Britain, EU 'divorce process' to take years

Brussels, June 25: After Britain decided to leave the European Union (EU) on Thursday, the European Council chief has predicted that the unprecedented political "divorce process" between Britain and the EU could take several years.

Donald Tusk, President of the European Council, has warned that re-negotiating the relationship between Britain and the EU could take up to seven years, reported Xinhua news agency.



In accordance with EU law, the British government first has to launch a proposal to activate Article 50 of the Lisbon Treaty, which sets out the procedural requirements for a member state to terminate its membership.

Then a "withdrawal agreement" needs to be negotiated on such things as tariffs on British goods and freedom of movement between Britain and the remaining EU member states. Legal withdrawal would mean that EU treaties and their protocols no longer apply to Britain, and EU financial programmes would be phased out.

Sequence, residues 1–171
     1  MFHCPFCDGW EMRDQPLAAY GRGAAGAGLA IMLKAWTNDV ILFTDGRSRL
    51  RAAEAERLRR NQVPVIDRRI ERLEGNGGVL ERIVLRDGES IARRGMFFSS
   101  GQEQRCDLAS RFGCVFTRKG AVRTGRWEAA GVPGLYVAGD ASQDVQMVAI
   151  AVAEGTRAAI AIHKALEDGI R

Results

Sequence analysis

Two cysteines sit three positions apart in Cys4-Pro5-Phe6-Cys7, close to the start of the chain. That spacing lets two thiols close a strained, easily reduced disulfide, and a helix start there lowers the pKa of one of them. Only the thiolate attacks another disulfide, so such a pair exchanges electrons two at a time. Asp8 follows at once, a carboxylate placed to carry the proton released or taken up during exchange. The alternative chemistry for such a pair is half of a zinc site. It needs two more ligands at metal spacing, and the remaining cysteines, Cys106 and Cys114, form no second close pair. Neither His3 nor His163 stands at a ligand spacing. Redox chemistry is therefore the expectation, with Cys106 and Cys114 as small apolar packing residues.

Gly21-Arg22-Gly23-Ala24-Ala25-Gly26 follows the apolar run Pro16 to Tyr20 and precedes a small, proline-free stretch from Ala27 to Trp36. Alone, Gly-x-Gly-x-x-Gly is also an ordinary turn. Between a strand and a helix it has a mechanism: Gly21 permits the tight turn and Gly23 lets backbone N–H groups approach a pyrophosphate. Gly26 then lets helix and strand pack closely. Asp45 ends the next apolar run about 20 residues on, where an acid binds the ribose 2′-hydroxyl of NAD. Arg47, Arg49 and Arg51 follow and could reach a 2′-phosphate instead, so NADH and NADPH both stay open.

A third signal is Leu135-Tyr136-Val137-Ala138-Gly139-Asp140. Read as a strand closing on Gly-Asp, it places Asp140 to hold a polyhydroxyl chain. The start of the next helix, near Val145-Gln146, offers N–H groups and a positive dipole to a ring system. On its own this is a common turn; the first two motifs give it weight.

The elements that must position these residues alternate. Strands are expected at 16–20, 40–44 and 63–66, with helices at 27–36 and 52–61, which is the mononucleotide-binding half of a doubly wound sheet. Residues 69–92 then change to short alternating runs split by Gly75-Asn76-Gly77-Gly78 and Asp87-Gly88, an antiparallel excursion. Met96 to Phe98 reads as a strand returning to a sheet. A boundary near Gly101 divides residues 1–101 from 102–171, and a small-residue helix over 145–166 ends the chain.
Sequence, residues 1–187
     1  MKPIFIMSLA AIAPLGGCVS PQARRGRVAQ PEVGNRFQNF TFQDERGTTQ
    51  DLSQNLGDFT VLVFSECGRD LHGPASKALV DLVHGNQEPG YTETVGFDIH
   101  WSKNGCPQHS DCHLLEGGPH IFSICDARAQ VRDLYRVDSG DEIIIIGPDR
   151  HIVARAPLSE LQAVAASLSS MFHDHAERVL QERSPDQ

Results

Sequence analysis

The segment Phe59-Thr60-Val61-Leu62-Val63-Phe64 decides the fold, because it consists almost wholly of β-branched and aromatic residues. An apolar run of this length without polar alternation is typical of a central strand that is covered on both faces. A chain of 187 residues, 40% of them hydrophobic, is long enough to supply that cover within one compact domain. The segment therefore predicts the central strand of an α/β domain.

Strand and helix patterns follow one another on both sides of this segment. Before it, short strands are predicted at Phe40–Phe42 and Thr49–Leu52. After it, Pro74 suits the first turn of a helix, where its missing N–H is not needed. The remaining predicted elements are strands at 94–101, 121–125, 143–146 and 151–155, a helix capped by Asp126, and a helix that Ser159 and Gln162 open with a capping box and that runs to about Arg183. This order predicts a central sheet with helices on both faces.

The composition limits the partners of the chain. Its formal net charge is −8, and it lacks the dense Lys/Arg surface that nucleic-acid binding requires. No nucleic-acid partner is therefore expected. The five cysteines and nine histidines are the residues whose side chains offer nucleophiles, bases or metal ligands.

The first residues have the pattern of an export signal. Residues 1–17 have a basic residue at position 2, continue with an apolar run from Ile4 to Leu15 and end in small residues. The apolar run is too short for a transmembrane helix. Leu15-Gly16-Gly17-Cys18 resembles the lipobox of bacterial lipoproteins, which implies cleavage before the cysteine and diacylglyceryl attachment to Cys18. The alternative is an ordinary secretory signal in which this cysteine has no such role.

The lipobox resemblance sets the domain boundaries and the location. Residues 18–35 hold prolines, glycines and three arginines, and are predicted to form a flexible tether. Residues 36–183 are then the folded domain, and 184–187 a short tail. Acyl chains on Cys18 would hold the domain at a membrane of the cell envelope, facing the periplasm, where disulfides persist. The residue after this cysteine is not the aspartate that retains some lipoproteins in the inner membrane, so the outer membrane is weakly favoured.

After the signing of a new deal between Britain and the EU, which according to the Lisbon Treaty should be concluded in the course of two years, "Every single one of the 27 member states as well as the European parliament would have to approve the overall result. That would take at least five years and, I'm afraid, without any guarantee of success", Tusk told German magazine Bild earlier this month.

Read More: Brexit may cause period of uncertainty, adjustment: BIS

The ratification process could be long and painful, Tusk warned. It is predicted that the EU would offer a tough deal to Britain to dissuade others from leaving.


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